No Ebola travel ban on Nigeria, POEA says
When Lito Nucum and Bennie Cruz stepped on the plane bound for the Philippines on September 14, they knew it was a gamble. They had a very slim chance of going back to their lucrative jobs at Dantata and Sawoe, Nigeria’s largest locally-owned construction firm.
“ I have to go back to the Philippines to settle legal matters,” Nucum said. Cruz came home to celebrate his daughter’s debut on October 4.
The OFWs in Nigeria, earlier in September complained about the advisory released by the Philippine Embassy in Abuja that stated “those with existing contracts planning to go back to the Philippines at the time of the implementation of modified alert level 2 will not be allowed to return to affected countries.”
The OFW organizations like The Migrants, Pusong Pinoy Association and the Filipino Association in Port Hartcourt as well as the managers of several companies joined in the petitions and bombarded the embassy with phone calls asking to retract the statement. They also sought the assistance of the Center for Migrant Advocacy (CMA).
On September 16, the Department of Foreign Affairs, OUMWA and Ambassador Alex Lamadrid agreed to hold a video conference regarding the issue of advisory modified alert level 2. Nucum and Cruz represented the OFWs in Nigeria during the conference.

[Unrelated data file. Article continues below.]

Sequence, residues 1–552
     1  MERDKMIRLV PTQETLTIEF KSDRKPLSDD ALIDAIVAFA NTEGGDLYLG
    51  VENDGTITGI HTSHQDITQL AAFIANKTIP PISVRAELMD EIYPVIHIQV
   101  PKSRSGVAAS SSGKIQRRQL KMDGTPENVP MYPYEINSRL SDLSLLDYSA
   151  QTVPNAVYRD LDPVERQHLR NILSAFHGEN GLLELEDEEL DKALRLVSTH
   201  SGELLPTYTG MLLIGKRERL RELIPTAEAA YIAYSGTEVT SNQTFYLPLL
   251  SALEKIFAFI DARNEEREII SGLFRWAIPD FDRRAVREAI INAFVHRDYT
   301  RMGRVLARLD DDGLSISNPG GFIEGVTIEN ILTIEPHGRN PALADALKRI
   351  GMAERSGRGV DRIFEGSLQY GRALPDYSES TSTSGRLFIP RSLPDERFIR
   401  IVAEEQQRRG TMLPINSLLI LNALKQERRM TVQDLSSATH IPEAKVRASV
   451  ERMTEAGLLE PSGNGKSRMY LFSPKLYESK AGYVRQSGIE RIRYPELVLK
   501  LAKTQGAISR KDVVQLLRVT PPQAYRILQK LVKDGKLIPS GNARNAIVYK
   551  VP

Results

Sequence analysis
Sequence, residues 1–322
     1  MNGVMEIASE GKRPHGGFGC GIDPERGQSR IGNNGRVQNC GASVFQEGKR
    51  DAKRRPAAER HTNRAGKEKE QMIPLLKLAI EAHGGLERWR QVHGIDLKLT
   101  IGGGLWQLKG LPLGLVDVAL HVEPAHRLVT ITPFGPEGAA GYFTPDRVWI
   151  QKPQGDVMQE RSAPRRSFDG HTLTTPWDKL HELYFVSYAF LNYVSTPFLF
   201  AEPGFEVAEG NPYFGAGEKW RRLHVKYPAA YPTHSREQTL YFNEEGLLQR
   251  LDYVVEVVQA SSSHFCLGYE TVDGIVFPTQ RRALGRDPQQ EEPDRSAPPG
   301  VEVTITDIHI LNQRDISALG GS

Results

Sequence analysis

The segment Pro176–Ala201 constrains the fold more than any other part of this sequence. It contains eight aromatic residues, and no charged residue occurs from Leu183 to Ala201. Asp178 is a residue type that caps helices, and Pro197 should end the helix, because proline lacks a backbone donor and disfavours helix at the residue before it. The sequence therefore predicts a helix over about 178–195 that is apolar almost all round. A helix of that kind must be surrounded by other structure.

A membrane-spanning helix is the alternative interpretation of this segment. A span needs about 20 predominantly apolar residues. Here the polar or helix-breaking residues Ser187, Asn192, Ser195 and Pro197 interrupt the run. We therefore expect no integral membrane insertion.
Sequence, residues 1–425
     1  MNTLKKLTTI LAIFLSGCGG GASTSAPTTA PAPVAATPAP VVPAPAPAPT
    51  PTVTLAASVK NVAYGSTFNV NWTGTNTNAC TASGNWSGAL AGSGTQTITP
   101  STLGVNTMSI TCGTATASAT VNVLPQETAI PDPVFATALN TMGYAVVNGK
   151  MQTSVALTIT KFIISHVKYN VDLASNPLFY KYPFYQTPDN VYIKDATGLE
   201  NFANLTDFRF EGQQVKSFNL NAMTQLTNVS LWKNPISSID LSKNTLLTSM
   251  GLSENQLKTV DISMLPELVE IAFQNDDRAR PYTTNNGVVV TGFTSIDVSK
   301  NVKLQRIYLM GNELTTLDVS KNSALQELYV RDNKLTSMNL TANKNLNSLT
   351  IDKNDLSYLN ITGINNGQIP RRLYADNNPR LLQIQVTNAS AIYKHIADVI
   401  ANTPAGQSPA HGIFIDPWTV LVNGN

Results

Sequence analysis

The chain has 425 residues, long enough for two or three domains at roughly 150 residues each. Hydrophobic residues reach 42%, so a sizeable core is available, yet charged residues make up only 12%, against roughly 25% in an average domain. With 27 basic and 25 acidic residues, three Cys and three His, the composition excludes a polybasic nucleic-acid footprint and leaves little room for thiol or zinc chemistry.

OUMWA Executive Director Ricardo Endaya clarified that the “modified alert level 2” advisory was from the DFA and sent to Philippine Embassy in Abuja. During the video conference, Ambassador Alex Lamadrid assured the DFA and OUMWA that the Ebola cases in Nigeria was already contained.
No travel ban
On October 2, POEA Administrator Hans Cacdac tweeted an advisory stating “there is no deployment restriction imposed on Filipino workers bound to Nigeria.” However, Cacdac also mentions that the workers must still exercise precautions to ensure their health. The advisory is yet to be disseminated to concerned offices.
Meanwhile, on September 25, Nigeria’s President Goodluck Jonathan declared at the UN General Assembly in New York that Nigeria is Ebola-free. According to the World Health Organization, Nigeria is the first African country that successfully contained the deadly virus in a couple of months. Eight people have died out of 20 confirmed Ebola cases in Nigeria since July 2014. There have been no reported cases since September 8.
If there will be no confirmed cases, WHO could declare Nigeria Ebola Free on October 20.
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